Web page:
By depicting an abstracted power plant—complete with five smoke stacks emitting an impenetrable fog—in donottellmewhereibelong #15 (2014), Tanner draws attention to environmental decay and the tangible sites spearheading climate change that are, for many viewers, frequently omitted from everyday life. In this drawing, the artist employs murky gray tones and deep crimsons to suggest harm that is both contaminating and corporeal, yet terse sections of blue imply that Tanner maintains optimism regarding humanity’s ability to correct course.
Containing some of the more overt, singular subject matter in the exhibition, donottellmewhereibelong #15 possesses a formal connection with other drawings in the gallery through the layering of various media, contradictory perspectives, and structures—in this case, the smoke stacks—that resemble geological formations above all else. Although Tanner admits that her works are not designed to function politically, it may be likely that her social, economic, and cultural tendencies seep into her creative processes. In donottellmewhereibelong, this occurs in disparate ways.
Indeed, political implications can be inferred at numerous points in the exhibition. In each instance, Tanner retains a pacifist demeanor. Screen Hat (1990-2010), a small found object sculpture of headwear floating above a two-dimensional rendering of a face, can be framed as an imagined post-apocalyptic scene. The sculpture’s parts are unclean and corroded, as if they had been pulled from the remnants of a fire or combat.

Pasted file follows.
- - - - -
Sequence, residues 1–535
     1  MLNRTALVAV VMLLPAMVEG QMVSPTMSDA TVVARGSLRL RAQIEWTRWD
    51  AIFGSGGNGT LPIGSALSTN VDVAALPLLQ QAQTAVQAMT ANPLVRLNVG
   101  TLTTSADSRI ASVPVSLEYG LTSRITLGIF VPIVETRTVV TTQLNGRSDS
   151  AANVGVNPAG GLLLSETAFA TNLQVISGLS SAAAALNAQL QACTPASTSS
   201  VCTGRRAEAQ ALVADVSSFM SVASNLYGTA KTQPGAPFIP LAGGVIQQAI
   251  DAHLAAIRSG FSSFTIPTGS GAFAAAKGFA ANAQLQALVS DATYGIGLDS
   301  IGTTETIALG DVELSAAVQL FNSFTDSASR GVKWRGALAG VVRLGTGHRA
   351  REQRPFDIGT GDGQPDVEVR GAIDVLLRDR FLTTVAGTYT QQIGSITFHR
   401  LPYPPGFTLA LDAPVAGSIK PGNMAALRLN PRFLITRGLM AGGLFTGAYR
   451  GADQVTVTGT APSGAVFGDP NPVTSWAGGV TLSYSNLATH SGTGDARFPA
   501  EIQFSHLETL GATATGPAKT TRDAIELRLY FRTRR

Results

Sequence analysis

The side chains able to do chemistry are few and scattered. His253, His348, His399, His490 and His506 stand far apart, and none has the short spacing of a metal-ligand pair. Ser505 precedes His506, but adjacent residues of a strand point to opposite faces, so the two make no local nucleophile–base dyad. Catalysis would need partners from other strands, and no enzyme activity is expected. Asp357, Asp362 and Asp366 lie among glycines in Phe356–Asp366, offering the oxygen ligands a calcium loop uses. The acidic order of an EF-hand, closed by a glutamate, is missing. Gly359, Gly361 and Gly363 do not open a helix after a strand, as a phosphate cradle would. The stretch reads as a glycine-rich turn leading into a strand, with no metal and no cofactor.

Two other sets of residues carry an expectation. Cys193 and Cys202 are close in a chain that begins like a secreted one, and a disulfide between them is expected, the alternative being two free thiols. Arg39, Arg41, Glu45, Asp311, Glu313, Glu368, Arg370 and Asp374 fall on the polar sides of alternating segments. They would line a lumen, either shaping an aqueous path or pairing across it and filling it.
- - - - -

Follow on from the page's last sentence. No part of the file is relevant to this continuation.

By assembling these incongruous parts into a unified form, she removes them from the meaning they may have once had. More palpably, violence is recalled in a visceral sense by certain components and the ways in which they are attached: thumb tacks puncture the sculpture’s base, nails drive into the wooden frame, a chain bears down upon the face, and a metal screen spurs from atop the hat.
Screen Hat operates as both an index and representation of destruction, as well as a moment to reflect on the consequences of a world order fueled and sustained by invasion, war, and physical dominance. Moreover, the sculpture is anchored to four wheels, insinuating that violence and the forces that extrude it are capable of mobility.
Destruction is a thematic thread in donottellmewhereibelong, albeit not always in a manner relating to discerned subject matter. After all, Tanner states in the 2006 interview that she believes “we are hard-wired toward received perceptions, impressions, and readings of the world.” Instead, as Tanner allows her work to inform itself, the destructive moment in the process becomes a focal a point. Tanner embraces the collapse of utility, formal composition, and connotation. It is as if her exploration of material and form portends a breaking down, anticipating the erosion of deduced meaning.
As a result, donottellmewhereibelong consists of familiar shapes and objects that have gained any number of possible contexts. Viewers are able to apply their own experiences in interpreting what Tanner has created, which perhaps centers their imagination as the primary focal point of the artist’s work.
The exhibition is on view through October 27th at The Cressman Center Gallery located at 100 East Main Street in Louisville.
Hunter Kissel is an arts administrator, writer, and curator based in Louisville, KY. He received a Master of Art in Critical and Curatorial Studies as well as a Master of Public Administration from the University of Louisville in 2017.